Going for the win with interview thanks letter


Published: Monday, January 8, 2007 at 6:01 a.m.
Last Modified: Sunday, January 7, 2007 at 11:33 p.m.
Q: How much do post-interview thank-you notes or letters really impact hiring decisions? I'm inclined to think they're overrated - canned, flat and "Dear Aunt Martha" boring. If they're truly useful, should they be handwritten, typed or sent by e-mail?
A: When you're in a classy field of candidates, each trying to race down the stretch for the win, skipping a smart thank-you/think-me letter could leave you sucking dust.
  • TWO FACES, SAME COIN.
    The old-school thank-you letter is a nice document of manners; the contemporary thank-you letter is a necessary medium of marketing.
    In constructing a thank-you letter, use the same powerful concepts as you would for a targeted resume that directly matches your qualifications with the job's requirements. The resume and the thank-you letter are bookends for your interview. The resume is the "before" communicator of your high-value qualifications, and the thank-you letter is the "after" chance to follow up for the win.
  • HERE'S THE BEEF.
    In your resume and during your interview, you sold yourself on being a great fit for the job - tit for tat in qualifications, competencies, skills and interest, punctuated with true and lively tales of accomplishments. Don't stop the winning streak that got you this far, but based on what happened during the interview, build on it! Here is sales ammo to morph your candidacy into a job offer.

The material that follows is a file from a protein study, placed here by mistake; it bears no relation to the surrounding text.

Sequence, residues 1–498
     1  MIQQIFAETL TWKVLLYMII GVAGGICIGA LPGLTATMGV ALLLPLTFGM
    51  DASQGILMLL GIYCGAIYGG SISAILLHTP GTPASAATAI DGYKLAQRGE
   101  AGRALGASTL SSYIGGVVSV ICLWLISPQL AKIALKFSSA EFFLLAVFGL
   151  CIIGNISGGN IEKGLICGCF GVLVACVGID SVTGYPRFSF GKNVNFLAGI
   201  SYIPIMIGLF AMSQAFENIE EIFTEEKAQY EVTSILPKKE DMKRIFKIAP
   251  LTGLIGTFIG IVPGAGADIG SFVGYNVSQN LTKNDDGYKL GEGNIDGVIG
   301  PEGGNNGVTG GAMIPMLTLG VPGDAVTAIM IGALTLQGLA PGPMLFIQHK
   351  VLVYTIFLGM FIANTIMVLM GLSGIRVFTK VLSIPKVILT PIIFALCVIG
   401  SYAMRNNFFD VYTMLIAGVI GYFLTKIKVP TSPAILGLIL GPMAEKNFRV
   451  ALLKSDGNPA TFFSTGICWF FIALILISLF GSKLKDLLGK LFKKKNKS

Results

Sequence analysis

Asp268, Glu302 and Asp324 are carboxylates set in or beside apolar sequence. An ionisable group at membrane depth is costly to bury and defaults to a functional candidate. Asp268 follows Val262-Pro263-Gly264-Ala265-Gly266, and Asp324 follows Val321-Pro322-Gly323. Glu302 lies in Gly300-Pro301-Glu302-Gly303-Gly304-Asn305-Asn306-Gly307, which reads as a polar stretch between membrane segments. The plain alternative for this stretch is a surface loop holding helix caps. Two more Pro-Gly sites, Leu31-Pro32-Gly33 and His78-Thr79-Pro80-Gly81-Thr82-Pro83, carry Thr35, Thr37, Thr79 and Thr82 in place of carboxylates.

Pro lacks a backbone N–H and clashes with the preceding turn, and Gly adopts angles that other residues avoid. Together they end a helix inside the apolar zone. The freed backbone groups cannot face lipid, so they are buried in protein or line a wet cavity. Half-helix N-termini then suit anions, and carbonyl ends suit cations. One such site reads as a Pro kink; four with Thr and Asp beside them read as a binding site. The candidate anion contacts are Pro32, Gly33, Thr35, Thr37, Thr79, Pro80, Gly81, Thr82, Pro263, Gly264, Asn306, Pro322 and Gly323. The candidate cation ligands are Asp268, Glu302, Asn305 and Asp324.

• Express appreciation for the interviewer's time and for giving you a fresh-from-the-front-lines update on the organization's immediate direction.
  • Remind the interviewer of what you specifically can do for a company, not what a company can do for you. Draw verbal links between a company's immediate needs and your qualifications.
  • Elaborate on your experience in handling concerns that were discussed during the interview.
  • After researching an issue that the company is wrestling with, include a brief but pertinent statement of your findings, perhaps even closing a relevant news clip about the matter.
  • Add information to a question you didn't fully answer during the interview.
  • Overcome objections the interviewer expressed about offering you the job.
  • Reaffirm your interest in the position and respect for the company.
  • FORMAL OR FAST?
    In this digital age, most people send e-mail thank-you letters. This is usually fine for commodity jobs, especially when the hiring decision is going to be made within a few days or so. But for an important job, a typed dead-tree-industry letter is more impressive and memorable; send it by postal mail, or if time is short, via an overnight delivery service. The letter can run two, even three pages if it is flush with white space and easy to read.
    True, some people swear by handwritten notes, but even when the penmanship is good, a note doesn't readily lend itself as a marketing tool when you go for the win. Even when you're addressing it to your old college roommate.
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